Book Review: Watership Down

I apologize for my lack of posting this last week; I’ve been busy securing an apartment to live in this coming semester and buying furniture to put in it. I’ll be doing that for another week, then I move in August 31st and the semester starts. Until then, though, I have a decent amount of free time.

Well. That said, even though I wasn’t posting, I found the time last week to read Watership Down, one of my favorite books from years gone by. The premise: a group of rabbits leave their warren on the basis of a vision of doom one of them had, and they set out trying to make a life for themselves on remote Watership Down. Once there, they realize their group is entirely bucks, no does, and so they try to find a warren that will give some females to them. Instead they find a warren led by the Nazi-esque General Woundwort. Meanwhile, a mythology is being built up of Elahrairah, the rabbit folk hero.

Anyway, I hadn’t touched it in over three years, and decided I needed to revisit it. Verdict: It is, as I remembered, awesome; it’s maybe even better than I remembered it being. (So, if you never have, if you get nothing else out of this post – go read it!)

But there’s an interesting caveat to this endorsement I want to explore. The book’s awesomeness is definitively not because of the characters. I like Hazel, and Fiver, and Blackberry, and Bigwig; General Woundwort is indeed a disturbing villain, for a rabbit; Elahrairah makes a cool folk hero, Lord Frith and Prince Rainbow are both well-done gods, and the Black Rabbit of Inle is awesome in its role as the Grim Reaper. But –

Those characters aren’t why the book is amazing. It’s rather how well the author, Richard Adams, paints the outlines of the rabbits’ world, making up his own “rabbit language” and convincing the reader that it is real (“silflay hraka, u embleer rah!” is left untranslated in the text of the book, but the reader already knows what it means by then, and using it doesn’t break suspension of disbelief at all), showing how differently they think about things (they don’t realize cars are machines; only the most intelligent among them understand floatation), in general presenting rabbitting society as alien and yet compelling.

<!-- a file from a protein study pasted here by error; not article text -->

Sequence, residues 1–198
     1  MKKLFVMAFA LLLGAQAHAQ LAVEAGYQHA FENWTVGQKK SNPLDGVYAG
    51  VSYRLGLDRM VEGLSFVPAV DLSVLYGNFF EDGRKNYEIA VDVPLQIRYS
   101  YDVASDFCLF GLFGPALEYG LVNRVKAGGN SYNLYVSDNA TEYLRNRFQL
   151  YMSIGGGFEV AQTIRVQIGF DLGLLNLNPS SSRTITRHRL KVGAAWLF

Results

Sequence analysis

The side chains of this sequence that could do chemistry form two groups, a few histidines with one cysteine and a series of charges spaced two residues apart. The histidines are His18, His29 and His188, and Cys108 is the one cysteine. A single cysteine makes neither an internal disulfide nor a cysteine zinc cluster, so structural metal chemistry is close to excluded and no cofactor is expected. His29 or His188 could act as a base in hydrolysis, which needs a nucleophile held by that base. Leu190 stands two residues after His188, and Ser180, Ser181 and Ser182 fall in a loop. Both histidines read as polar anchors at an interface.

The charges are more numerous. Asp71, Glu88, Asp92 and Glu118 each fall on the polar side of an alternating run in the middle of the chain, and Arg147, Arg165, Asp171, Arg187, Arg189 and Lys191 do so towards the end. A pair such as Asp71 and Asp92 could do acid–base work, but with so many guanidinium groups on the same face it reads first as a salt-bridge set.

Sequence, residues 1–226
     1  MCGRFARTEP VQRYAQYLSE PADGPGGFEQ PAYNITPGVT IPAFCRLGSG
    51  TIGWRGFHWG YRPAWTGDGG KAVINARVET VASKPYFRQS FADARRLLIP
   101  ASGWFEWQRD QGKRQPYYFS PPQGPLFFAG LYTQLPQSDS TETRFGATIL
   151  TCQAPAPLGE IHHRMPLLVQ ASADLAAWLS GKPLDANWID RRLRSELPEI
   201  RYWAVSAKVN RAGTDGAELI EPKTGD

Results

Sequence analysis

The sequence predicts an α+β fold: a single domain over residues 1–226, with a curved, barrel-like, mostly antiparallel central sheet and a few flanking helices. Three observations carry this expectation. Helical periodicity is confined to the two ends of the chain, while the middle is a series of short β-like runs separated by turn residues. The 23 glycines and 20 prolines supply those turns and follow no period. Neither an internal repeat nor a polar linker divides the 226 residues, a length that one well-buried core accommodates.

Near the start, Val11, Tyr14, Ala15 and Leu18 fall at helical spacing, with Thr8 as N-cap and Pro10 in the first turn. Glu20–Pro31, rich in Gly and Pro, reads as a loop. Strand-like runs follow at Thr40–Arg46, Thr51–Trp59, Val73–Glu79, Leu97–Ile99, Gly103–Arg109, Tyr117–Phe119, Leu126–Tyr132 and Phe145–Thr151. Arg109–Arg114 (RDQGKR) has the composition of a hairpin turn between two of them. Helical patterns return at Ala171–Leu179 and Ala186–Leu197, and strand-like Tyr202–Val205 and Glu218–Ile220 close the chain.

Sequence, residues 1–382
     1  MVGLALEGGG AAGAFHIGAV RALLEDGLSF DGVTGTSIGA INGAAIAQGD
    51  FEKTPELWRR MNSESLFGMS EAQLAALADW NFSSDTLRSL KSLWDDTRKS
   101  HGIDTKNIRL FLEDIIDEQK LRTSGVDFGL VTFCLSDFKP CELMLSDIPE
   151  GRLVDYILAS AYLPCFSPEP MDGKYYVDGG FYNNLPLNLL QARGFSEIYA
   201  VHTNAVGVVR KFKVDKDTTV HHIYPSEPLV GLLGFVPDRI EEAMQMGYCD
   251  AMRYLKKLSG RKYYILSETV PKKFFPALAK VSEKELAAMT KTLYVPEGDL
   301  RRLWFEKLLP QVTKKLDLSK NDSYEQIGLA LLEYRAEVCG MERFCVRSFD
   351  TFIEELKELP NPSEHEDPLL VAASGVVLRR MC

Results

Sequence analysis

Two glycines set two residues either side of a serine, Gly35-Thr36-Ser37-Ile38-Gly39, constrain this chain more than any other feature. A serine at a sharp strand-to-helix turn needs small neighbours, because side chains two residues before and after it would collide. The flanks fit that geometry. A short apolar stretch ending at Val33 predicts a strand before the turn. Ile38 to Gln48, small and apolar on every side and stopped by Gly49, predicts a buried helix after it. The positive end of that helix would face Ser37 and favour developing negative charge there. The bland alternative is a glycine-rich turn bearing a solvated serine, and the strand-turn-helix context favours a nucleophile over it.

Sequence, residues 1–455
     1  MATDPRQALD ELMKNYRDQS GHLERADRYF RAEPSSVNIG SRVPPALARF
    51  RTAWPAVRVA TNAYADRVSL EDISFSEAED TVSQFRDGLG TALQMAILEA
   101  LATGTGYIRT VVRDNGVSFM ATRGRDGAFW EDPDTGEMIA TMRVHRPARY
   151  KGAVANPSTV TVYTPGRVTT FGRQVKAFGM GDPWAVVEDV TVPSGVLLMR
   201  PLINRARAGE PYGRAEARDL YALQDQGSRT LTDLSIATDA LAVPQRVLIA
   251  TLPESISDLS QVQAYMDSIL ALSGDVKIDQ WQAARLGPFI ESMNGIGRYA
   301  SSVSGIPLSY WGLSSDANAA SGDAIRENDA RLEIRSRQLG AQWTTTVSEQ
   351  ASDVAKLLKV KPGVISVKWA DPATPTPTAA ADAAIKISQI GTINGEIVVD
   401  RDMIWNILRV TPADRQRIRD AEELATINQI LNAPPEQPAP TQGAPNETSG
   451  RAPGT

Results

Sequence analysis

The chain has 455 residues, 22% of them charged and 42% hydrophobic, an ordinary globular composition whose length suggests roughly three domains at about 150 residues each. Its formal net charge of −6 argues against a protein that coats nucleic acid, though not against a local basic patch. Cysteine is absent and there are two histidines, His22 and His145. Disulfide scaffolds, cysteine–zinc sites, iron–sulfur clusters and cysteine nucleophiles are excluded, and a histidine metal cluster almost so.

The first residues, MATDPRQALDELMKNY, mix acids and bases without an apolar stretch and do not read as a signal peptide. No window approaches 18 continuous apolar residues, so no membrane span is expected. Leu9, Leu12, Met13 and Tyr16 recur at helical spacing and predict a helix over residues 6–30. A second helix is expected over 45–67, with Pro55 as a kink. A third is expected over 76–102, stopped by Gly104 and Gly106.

And probably it’s that very achievement – the establishment of so alien a culture for all the characters to live in – that makes it so the characters are hard to relate to. In the end, Hazel’s a good guy, but he’s just a rabbit, and I could never have a conversation with him, even if we spoke the same language; we’d have nothing to talk about.

And because the lack of compelling characters is a direct result of the nature of the book as semi-anthropomorphic fiction, I doubt Adams could have done any better. It’s a problem with the medium he’s working in.


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